Tuesday, January 8, 2013

Well, I've stayed with this blog for most of 2012.

Now I'm looking at 2013. We are recently back from spending the holidays in California with my family. It wasn't all that warm there, but temperatures here are below freezing most nights, and there is still snow along the north side of the house. It's pretty clear there won't be much insect activity for a while, but we'll be watching for the very first signs.

What I'm doing now is looking back over notes and pictures from last year for lines of study that we might want to follow up on this year. The pictures we took in 2012 make up a history of what we saw and marveled at, what we learned, and show I suppose, what things we were particularly interested in. The theme of all the blogs is clear, or I hope it is clear: There is so much that is curious and wonderful right outside our front doors if we just take the time to look at it, if we just learn how to see it. I remember the song running through that wonderful insect film Microcosmos, "beneath our notice, beyond our imagination."

Anyway, the idea of the year's images as a kind of history led me to look back at the pictures we took the preceding year, 2011, and, since I won't have anything better to blog about until probably sometime in February, I thought over the next few blogs I would make a selection from 2011 that showed some highlights of that year. These pictures will not be organized, but will be presented more or less in chronological order, to show the unfolding of the seasons.

I only selected one picture from January, 2011: Cheryl took it of me (for scale) standing on a ridge-top trail on Crowley's Ridge, showing the highly eroded loess soil.

And only one picture from February. I found this very sculptural Wheel Bug (Arilus cristatus) lying dead in the leaf litter and brought it in. These big predators can give a very painful stab with their envenomed beaks.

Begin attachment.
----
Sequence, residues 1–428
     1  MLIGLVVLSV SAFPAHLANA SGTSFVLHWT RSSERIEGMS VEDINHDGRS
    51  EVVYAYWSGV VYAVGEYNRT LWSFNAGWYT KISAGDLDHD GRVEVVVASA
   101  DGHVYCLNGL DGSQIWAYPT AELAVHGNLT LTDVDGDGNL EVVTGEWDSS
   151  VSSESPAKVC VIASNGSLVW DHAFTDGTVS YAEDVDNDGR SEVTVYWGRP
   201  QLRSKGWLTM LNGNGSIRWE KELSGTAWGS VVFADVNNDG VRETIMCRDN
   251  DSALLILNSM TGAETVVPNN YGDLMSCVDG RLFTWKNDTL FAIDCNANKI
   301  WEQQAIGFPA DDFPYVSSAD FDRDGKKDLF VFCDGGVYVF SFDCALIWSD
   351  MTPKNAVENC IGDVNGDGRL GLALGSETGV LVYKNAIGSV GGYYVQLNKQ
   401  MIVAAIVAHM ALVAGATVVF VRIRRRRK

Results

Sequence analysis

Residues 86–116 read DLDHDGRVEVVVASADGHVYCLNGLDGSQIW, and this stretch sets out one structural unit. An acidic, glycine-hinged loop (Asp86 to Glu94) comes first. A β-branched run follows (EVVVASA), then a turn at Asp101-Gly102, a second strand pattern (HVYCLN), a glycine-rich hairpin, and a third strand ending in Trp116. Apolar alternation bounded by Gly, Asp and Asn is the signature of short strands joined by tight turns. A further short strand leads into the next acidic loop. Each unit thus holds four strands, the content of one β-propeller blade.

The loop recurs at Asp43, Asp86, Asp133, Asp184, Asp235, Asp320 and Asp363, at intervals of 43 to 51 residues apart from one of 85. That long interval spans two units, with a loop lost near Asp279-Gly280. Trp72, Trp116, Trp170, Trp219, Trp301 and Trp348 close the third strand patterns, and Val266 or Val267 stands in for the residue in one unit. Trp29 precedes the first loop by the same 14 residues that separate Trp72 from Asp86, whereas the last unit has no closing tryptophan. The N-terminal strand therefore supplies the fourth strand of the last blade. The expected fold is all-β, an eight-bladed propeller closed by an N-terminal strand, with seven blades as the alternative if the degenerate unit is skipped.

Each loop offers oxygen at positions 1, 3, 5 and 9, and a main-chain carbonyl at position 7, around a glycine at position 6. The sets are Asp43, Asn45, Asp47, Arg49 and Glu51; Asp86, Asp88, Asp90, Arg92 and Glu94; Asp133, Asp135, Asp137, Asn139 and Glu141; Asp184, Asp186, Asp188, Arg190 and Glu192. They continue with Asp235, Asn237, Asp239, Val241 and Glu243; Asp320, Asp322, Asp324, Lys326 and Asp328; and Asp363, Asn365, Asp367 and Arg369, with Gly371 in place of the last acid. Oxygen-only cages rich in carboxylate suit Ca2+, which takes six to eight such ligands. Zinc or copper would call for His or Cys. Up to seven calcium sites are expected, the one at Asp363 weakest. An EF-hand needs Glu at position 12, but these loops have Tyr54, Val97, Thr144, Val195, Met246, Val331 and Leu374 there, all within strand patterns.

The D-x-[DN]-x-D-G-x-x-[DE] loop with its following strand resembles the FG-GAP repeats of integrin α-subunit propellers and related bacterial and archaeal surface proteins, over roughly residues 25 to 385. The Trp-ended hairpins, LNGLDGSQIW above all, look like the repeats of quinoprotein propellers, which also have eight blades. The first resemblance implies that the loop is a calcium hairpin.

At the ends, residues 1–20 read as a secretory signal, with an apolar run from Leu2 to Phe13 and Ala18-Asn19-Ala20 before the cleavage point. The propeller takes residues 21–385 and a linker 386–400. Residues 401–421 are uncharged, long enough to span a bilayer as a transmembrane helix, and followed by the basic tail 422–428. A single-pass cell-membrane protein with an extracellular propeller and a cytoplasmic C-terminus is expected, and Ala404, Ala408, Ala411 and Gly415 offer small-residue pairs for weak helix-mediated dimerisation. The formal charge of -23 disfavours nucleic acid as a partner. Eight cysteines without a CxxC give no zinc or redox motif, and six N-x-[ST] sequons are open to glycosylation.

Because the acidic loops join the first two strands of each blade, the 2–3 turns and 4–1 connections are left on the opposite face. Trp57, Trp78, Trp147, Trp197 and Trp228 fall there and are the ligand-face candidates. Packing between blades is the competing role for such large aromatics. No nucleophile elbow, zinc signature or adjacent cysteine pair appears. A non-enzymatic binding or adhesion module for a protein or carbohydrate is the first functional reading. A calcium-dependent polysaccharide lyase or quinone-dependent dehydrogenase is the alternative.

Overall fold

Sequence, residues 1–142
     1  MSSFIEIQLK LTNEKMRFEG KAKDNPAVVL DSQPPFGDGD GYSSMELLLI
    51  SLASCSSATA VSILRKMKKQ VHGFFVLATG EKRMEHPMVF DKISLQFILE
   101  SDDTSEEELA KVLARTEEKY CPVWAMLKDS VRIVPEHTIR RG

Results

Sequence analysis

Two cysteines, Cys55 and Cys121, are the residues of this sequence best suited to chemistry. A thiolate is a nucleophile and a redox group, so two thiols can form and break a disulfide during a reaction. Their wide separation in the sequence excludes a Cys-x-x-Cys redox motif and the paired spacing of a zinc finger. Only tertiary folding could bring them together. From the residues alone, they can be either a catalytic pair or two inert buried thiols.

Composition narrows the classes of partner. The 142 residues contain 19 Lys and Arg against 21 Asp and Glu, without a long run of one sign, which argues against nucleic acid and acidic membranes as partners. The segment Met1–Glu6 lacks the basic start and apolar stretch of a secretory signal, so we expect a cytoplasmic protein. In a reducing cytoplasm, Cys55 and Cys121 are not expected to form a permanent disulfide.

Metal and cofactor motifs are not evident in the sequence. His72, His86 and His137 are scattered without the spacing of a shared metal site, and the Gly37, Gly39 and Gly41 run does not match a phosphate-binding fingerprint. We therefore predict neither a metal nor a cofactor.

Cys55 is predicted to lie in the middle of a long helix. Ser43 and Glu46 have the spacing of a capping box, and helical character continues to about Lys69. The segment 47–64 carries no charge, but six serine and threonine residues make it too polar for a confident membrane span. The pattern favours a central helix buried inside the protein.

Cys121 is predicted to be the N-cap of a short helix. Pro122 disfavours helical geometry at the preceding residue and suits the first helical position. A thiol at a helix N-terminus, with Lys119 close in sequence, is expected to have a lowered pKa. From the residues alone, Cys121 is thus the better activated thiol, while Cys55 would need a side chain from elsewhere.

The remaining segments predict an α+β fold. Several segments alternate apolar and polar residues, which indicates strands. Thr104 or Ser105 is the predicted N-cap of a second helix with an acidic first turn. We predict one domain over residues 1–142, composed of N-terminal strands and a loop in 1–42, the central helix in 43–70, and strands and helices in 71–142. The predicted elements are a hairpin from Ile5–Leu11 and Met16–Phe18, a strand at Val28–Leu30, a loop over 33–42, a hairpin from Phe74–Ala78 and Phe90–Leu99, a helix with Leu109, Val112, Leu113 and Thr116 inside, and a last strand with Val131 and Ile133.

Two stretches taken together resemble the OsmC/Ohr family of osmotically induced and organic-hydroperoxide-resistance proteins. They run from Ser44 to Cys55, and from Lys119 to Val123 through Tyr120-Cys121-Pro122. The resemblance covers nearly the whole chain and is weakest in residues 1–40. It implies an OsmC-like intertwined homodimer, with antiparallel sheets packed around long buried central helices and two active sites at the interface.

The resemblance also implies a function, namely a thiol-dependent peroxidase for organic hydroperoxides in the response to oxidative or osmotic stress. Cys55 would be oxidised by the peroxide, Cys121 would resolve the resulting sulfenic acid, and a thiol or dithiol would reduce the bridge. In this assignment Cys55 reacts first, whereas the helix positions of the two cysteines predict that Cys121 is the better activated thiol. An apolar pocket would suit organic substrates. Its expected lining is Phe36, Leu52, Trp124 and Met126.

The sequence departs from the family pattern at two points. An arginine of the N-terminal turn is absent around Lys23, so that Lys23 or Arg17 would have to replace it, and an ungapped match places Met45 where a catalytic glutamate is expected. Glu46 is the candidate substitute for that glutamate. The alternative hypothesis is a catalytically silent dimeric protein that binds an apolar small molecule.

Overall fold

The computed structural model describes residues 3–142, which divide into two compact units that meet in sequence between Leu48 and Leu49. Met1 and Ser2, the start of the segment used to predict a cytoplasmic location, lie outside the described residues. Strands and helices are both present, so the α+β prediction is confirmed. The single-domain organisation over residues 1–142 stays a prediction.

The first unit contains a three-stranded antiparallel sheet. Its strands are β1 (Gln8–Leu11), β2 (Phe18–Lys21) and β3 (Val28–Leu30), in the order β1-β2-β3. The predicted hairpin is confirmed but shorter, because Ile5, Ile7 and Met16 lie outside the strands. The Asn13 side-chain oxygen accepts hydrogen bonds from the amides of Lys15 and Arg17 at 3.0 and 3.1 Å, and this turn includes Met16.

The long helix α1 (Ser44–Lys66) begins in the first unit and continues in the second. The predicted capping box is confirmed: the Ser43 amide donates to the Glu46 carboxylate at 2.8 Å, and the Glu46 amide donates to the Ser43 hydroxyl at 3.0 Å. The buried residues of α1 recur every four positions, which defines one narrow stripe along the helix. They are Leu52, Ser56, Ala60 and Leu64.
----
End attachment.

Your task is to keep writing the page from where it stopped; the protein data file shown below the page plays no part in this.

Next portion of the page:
In March things began to pick up a bit. We found this handsomely colored American Bird Grasshopper, Arkansas' largest and handsomest grasshopper species. It appears to be common in every month of the year. As you are walking through a field of grass or other low vegetation, one or several will fly up, and sail off with strong flight thirty or so feet and land high up in the branches or along the farside trunk of a tree.

The Silvery Blue is a rather special and hard-to-find species, but spring of 2011 they were common along Forest Service roads a few miles north of Hot Springs Village.

The Falcate Orange-tip (this is a female, which doesn't have the orange tips to the forewings) is a spring beauty which here is landed on a Spring Beauty.

In April you know that spring has fully arrived when the duskywing skippers appear. In this cluster piled up three deep on an animal dropping with care you can make out a couple of Sleepy Duskywings, at least one Horace's Duskywing, and the rest Juvenal's Duskywings. The tall thing back right is a Goatweed Leafwing butterfly. Hovering in the foreground is a flower fly waiting for its chance at the delicious dropping.

Another sign of spring is when the young male swallowtails come to stream or puddle edges to pick up the salts in the moisture that rises up through the soil. This one is a Pipevine Swallowtail.

Here a Spicebush Swallowtail is challenging other swallowtails for the choicest bit of moist sand. There is a lot of jostling and flashing of their full hind wings. Finally, in the last picture, they are all settling down. Four of Arkansas' six swallowtail species are present.

Another sign of Spring: At this time of year Eastern Tent Caterpillars (Malacosoma americanum) are busily defoliating all the cherry trees.

We noticed one day that the emergent vegetation of our backyard pond was swarming with springtails. These little round ones (1 to 3 mm in length) are Globular Springtails (fam. Sminthuridae).

The hippopotamus family enters the Nile River (the micro world echoing the macro).

Beneath the surface of the pond chironomid midge larvae resemble miniature tropical eels. Swimming clams are like tiny chambered nautiluses.

A hairy-necked Tiger Beetle (Cicindela hirticolis).

Forest Tent Caterpillar, Malacosoma disstria, a handsome relative of the Eastern Tent Caterpillar.

Spring is the best time to look for clubtails (fam. Gomphidae). This male Cocoa Clubtail, Gomphus hybridus, I would have thought was out of range on Hatchie Coon Island in NE Arkansas, but then I quickly saw a female (the tail tip is generally less swollen on females) nearby, and finally two or three others. I realized the first one was not a wanderer: These were on their territory, and the published range maps needed to be extended a little bit north and west.

The American Bird Grasshopper I showed earlier gets up to 55 mm long. At the other end of the scale this tiny Pygmy Grasshopper barely reaches 10 mm. The pygmies are hard to tell apart, but this one seems to be Tetrix arenosus, the Obscure Pygmy Grasshopper.

This handsome Geometrid is the Linden Looper. Here is how he travels.

[This blog has covered January through April, 2011. The next blog will begin with May, 2011.]

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